Hanadi Abu Zahra turns on the tap in her kitchen and is elated to see the water flowing — something most new residents would take for granted even if they had not just moved into a brand new state-of-the-art apartment in a luxury building located in a development that has been the recipient of massive world-wide attention.
But whether or not water would be there when the tap was turned on became symbolic of the challenges that had to be overcome in order for Rawabi, the first Palestinian planned city, to transform from one man’s vision to the fulfillment of 40,000 aspirations.
In August, Abu Zahra became one of the first Rawabians – residents of the long and anxiously awaited city located about 5.6 miles north of Ramallah, the Palestinian administrative capital, and 15 miles north of Jerusalem.
Rawabi is a project of Bayti Investments which was developed through Massar International and Qatar Diyar. Bashar Al-Masri, founder and chairman of Massar International, a chemical engineer-turned- builder/real estate mogul, is the man behind the vision.
Asked by The Media Line whether the city now receiving its first residents compares favorably with the dream, he answers that, 'It’s surprisingly very close. I would say by mid-next year we will be right on because some components of the project lag behind for different reasons, but they’re on track.'
The track will, in about six years’ time, run into a formidable city which continues the Rawabi commitment to clean living where rooftop eyesores such as water tanks and satellite dishes are absent and cables, including fiber optics and Internet, are buried beneath the ground.'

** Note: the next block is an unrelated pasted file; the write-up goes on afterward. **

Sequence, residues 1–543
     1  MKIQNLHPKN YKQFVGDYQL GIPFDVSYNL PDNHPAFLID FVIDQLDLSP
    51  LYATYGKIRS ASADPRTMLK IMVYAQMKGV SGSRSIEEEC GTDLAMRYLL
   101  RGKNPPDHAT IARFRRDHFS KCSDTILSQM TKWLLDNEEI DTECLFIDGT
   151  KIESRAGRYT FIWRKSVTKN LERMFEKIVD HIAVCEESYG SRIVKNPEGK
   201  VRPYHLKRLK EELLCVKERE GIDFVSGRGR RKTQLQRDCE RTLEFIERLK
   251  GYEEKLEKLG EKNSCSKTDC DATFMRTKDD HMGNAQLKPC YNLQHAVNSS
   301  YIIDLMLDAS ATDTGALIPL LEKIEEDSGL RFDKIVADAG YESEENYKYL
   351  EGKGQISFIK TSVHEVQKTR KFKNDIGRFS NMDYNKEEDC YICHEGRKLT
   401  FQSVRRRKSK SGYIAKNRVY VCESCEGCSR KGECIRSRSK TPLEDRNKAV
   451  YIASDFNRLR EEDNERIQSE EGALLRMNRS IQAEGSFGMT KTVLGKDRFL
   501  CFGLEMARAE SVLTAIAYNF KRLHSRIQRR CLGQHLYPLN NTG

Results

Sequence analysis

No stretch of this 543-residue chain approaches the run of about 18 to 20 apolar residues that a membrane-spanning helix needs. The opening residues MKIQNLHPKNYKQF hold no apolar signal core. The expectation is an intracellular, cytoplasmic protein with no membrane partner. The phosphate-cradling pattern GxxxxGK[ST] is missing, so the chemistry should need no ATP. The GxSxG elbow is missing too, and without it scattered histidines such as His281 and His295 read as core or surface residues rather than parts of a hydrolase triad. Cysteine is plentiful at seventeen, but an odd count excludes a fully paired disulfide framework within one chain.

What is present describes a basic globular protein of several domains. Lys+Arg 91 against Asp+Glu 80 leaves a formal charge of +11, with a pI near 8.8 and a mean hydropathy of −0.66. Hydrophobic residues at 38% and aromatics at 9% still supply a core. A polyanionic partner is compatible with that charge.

The Middle East’s largest amphitheater (15,000 seats) will be the venue for world-renowned artists while visitors to a business hub will stay in a five-star hotel adjoining a mall adorned with the world’s leading logos. Green, clean and dynamic, Rawabi holds out the promise of a lifestyle Palestinians are familiar with only through Western cinema.
Nihad Kamal, an investment manager for Siraj, a private fund, moved his family into the sixth floor of the sixth building – one of the first to take up residency. Asked why, he told The Media Line that, 'First of all, it’s a brand new city. There’s a big difference between a new car and used car. This makes a big difference in the future and in infrastructure.'
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Also published on the Jerusalem Post Magazine printed Friday, September 9 2015
Also published on Israel and Stuff
The Media Line
The Media Line
August 31, 2015 Categories: